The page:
A Ricardian model with many goods was analyzed by Dornbusch, Fischer, and Samuelson in 1977, and I follow their exposition here.19 They argued that the many goods can be seen as spread out along a continuum of comparative advantage and dealt with by their location along this continuum. The historical application of this model will be to identify the location of specific goods in this continuum.

Imagine two "countries": Britain and everywhere else. For ease of exposition, I will refer to the rest of the world as if it were a single foreign country. Since this is a Ricardian model, there is only one factor of production: labor. This factor can be seen as a Hicksian good by assuming that the relative price of different factors of production does not change. The model therefore does not say that there were no other factors of production but only that changes in the relative price of these factors can be ignored.20 This would not be suitable for consideration of, say, the repeal of the Corn Laws, but it provides a good way to focus on the effects of productivity changes over almost a century.21

Each country both produces and consumes a large variety of goods made from this single factor of production. These goods can be numbered from 1 to N. The technology of each country can be described by the labor needed to produce each good. The labor requirement to produce the nth good in Britain is an, where an is the number of hours of British labor needed to produce a single unit of the nth good. Following the convention of international trade, a*n represents the hours of foreign labor needed to produce the nth good in the foreign country.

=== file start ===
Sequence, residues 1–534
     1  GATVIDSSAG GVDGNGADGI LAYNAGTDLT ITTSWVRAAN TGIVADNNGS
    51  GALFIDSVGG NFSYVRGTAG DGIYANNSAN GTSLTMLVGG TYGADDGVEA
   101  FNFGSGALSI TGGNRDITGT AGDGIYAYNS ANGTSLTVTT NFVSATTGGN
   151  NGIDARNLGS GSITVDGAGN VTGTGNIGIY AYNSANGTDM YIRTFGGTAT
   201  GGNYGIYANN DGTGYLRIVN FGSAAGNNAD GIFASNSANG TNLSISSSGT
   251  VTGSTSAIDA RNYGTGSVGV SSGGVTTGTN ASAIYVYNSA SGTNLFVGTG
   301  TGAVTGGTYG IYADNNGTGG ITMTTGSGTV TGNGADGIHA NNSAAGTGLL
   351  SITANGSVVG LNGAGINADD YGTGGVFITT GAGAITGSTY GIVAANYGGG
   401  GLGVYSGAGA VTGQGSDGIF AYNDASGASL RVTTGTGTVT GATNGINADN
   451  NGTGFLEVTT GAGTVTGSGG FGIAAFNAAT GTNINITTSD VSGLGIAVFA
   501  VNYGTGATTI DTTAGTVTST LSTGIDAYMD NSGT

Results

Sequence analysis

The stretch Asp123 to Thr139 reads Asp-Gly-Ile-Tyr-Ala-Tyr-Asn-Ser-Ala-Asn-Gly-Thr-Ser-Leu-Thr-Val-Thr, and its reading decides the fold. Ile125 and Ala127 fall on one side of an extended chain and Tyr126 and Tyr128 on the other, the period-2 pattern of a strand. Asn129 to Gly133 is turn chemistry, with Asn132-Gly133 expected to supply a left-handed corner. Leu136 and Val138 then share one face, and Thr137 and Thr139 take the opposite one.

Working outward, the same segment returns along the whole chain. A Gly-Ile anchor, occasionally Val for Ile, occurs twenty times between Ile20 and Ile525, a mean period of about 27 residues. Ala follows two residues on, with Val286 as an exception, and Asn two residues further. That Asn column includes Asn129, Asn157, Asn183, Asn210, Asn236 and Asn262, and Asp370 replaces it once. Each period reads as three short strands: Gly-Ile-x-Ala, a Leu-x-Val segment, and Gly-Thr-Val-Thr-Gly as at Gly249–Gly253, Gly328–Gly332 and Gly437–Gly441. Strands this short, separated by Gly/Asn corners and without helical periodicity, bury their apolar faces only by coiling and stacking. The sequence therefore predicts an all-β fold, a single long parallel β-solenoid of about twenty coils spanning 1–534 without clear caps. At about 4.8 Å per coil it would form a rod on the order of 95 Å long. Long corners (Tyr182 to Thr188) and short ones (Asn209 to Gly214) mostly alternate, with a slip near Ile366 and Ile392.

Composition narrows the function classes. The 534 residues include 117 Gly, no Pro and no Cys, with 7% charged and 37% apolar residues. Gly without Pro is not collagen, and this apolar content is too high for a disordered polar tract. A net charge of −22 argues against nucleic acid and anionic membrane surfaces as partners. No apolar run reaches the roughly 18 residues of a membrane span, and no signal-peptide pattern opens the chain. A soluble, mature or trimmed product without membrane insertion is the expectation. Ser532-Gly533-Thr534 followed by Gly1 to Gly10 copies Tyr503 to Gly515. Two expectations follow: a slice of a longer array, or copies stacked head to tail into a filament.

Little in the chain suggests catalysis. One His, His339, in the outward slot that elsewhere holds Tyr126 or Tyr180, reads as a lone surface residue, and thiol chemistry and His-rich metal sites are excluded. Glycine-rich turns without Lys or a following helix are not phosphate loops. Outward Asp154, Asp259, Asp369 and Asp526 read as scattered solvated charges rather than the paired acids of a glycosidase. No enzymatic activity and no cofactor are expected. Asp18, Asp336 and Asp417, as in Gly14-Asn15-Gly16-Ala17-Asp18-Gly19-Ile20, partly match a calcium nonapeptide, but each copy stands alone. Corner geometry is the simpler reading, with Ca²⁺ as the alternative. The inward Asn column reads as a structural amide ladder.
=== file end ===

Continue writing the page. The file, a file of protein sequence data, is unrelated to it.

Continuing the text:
The ratio of the labor needed to produce the good in the foreign country and in Britain is a*n/an. The goods can be re-indexed by this ratio, starting with the good for which the relative quantity of foreign labor needed for production is the highest (so the ratio, a*n/an, is the highest).

The pattern of trade is determined by the relative costs of producing goods in the two countries. And in this Ricardian model costs are simply the wages of the sole factor of production: labor. Let w be the British wage; w*, the foreign wage. Then the cost of producing good i in Britain is wai; the cost in the foreign country, w*a*i. Any good for which w*a*i > wai will be produced in Britain because its production costs are cheaper in Britain.

This inequality can be rewritten as a*i/ai > w/w*. Production costs for this good are lower in Britain; the good will be produced in Britain and exported to the foreign country. Conversely, any good i, for which w/w* > a*i/ai will be produced in the foreign country and imported into Britain. The numbering scheme for goods ensures that there is a point in the ordered list of goods such that all goods to the left with lower numbers are produced in Britain. All the goods with higher numbers are produced abroad.